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SMC|Administration & College Governance|Marketing|Events|Planetarium Shows Lectures

Planetarium Shows Lectures

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Tickets for planetarium shows and lectures may be purchased at the door on the evening of the show, or in advance at the SMC Theatre Arts Box Office (Theatre Arts Complex, SMC Main Campus; limited hours). Shows (except selected guest lectures) are held in the John Drescher Planetarium, located on SMC’s Main Campus in Drescher Hall Room 223. Admission to a single show or lecture is $6 ($5 seniors age 60+ and children age 12 and under). You can enjoy both the Night Sky Show and that evening’s scheduled Feature Show or Guest Lecture for the double-bill price of $11 ($9 seniors and children). For information, visit our website ( or call (310) 434-3005.
All shows subject to change or cancellation without notice. 

For information, visit our website ( or call (310) 4343005.
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Our Digistar II planetarium projector recreates the celestial wonders of the ever-changing night sky—as you would see it far from city lights—in a 50-minute show updated weekly with the latest news in space exploration and astronomy. Bring the whole family to “tour” the constellations and ask questions about anything related to astronomy. The Night Sky Show costs $6 ($5 seniors age 60+ and children age 12 and under) and is presented on the following dates:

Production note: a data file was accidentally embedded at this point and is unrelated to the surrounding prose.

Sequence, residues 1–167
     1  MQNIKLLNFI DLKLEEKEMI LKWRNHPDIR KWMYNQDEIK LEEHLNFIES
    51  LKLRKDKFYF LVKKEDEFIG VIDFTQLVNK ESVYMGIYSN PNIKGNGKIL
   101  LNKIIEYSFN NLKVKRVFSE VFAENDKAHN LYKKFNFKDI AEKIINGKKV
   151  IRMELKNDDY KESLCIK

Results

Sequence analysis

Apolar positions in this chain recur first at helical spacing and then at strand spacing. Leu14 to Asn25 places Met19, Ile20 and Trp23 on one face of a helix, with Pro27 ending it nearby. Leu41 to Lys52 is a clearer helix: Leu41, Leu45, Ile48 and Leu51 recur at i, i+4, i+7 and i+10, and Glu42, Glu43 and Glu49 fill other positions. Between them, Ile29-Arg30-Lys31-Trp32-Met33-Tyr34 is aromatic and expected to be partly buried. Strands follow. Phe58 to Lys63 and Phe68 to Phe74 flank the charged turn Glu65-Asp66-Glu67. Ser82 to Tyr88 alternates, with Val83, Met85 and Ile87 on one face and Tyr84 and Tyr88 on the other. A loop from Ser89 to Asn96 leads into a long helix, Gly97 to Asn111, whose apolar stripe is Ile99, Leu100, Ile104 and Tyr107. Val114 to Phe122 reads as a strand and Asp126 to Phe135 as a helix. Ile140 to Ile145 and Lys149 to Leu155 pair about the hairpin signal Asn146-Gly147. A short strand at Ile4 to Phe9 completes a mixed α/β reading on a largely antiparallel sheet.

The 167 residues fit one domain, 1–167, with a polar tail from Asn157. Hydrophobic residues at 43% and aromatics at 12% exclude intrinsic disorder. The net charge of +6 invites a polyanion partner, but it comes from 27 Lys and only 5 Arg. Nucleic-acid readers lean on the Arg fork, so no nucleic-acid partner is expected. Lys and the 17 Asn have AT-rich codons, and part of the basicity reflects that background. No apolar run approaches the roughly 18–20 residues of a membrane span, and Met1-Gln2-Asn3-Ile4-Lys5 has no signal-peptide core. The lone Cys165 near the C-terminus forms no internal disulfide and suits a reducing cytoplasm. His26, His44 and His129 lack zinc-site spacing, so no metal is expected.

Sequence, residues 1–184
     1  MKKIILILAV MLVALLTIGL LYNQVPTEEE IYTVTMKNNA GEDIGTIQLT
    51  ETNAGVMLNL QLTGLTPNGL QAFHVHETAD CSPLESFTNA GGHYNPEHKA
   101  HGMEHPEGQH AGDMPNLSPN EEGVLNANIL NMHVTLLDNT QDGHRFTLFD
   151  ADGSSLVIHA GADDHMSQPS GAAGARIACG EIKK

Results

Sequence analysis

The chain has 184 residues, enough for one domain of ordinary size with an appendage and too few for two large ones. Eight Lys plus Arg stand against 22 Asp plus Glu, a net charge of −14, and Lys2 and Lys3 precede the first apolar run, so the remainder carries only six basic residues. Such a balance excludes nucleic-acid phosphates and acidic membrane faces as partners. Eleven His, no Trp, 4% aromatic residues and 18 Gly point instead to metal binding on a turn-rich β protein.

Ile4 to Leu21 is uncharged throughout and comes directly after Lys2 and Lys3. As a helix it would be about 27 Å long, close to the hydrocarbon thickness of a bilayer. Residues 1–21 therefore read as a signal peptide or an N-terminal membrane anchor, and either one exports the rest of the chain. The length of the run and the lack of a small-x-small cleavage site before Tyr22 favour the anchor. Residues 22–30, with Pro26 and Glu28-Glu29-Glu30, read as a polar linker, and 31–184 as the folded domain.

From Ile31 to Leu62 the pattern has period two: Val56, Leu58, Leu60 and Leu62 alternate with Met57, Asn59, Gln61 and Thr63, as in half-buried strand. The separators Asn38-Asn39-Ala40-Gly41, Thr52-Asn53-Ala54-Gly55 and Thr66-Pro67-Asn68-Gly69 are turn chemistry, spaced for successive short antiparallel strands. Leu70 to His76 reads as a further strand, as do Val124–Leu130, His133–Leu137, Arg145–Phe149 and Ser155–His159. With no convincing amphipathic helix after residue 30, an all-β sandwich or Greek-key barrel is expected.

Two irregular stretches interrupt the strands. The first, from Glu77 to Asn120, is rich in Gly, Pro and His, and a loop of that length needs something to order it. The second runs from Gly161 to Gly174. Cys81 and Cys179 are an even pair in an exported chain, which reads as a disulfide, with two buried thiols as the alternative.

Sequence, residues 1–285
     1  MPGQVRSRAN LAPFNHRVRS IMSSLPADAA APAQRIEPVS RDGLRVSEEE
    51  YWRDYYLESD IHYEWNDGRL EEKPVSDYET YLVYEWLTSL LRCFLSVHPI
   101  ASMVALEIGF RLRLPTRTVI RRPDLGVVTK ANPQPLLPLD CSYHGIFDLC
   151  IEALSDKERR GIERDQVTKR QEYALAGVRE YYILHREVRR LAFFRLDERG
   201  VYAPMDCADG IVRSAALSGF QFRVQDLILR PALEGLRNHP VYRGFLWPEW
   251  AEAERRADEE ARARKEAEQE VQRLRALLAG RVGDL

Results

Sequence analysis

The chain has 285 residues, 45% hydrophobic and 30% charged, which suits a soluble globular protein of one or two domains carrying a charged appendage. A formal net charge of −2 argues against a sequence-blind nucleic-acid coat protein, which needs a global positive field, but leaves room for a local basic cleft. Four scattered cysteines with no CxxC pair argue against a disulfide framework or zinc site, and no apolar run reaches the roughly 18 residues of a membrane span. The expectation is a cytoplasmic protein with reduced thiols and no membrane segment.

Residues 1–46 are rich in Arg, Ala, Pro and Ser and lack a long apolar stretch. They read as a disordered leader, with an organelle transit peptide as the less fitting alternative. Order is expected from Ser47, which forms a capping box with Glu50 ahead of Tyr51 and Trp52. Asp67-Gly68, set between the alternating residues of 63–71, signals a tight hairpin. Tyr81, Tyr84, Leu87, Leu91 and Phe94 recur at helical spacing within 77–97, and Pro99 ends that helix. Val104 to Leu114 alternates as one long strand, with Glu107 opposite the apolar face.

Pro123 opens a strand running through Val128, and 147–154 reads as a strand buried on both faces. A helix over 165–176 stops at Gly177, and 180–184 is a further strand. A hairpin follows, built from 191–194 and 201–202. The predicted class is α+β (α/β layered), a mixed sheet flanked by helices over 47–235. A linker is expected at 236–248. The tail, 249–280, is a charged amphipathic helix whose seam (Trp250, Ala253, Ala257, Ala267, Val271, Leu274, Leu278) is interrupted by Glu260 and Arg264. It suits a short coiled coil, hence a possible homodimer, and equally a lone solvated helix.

Fri, April 4, 11, 25
Fri, May 2, 9, 16, 30
Fri, June 6, 13
Fri, July 11, 18, 25
Fri, August 1, 8, 15
7pm | Planetarium 

 Deep Space.jpg


Planetarium Feature Shows and Guest Lectures are presented at 8 p.m. on Fridays when the Night Sky Show is scheduled. For further information, please call (310) 434-3005. Admission is $6 ($5 seniors age 60+ and children age 12 and under).
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Special Observing Event:
A Crescent Moon and Jupiter
in the Eyepiece
With a pretty crescent moon in the sky, we’ll start in the planetarium with a quick primer on what to look for in the eyepiece, then head outside for viewing through a selection of telescopes, with assistance from local amateur astronomers. On the Moon, we’ll focus on the dramatic shadowing along the terminator (the transition from lunar night to day), as well as terraced craters and fault-wrinkled ancient basaltic lava. Massive Jupiter’s cloud belts and four largest moons should also be visible in the eyepiece. If clouds intervene, we will view images and discuss the Moon and Jupiter in the comfort of the planetarium. Dress warmly!
Fri, April 4 | 8pm | Planetarium
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Chinese Space Exploration
With the Chinese space program methodically building from one accomplishment to the next, and the Chang’e 3 lander’s rover Yutu (“Jade Rabbit”) at the end of its baseline three-month science mission, we’ll look at the recent history and possible future of China’s space exploration efforts. A larger crewed space station and lunar-sample-return missions have already been announced as goals for the near future—what else might be in the offing?
Fri, April 11, 25 | 8pm | Planetarium
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Summer Star Party Planner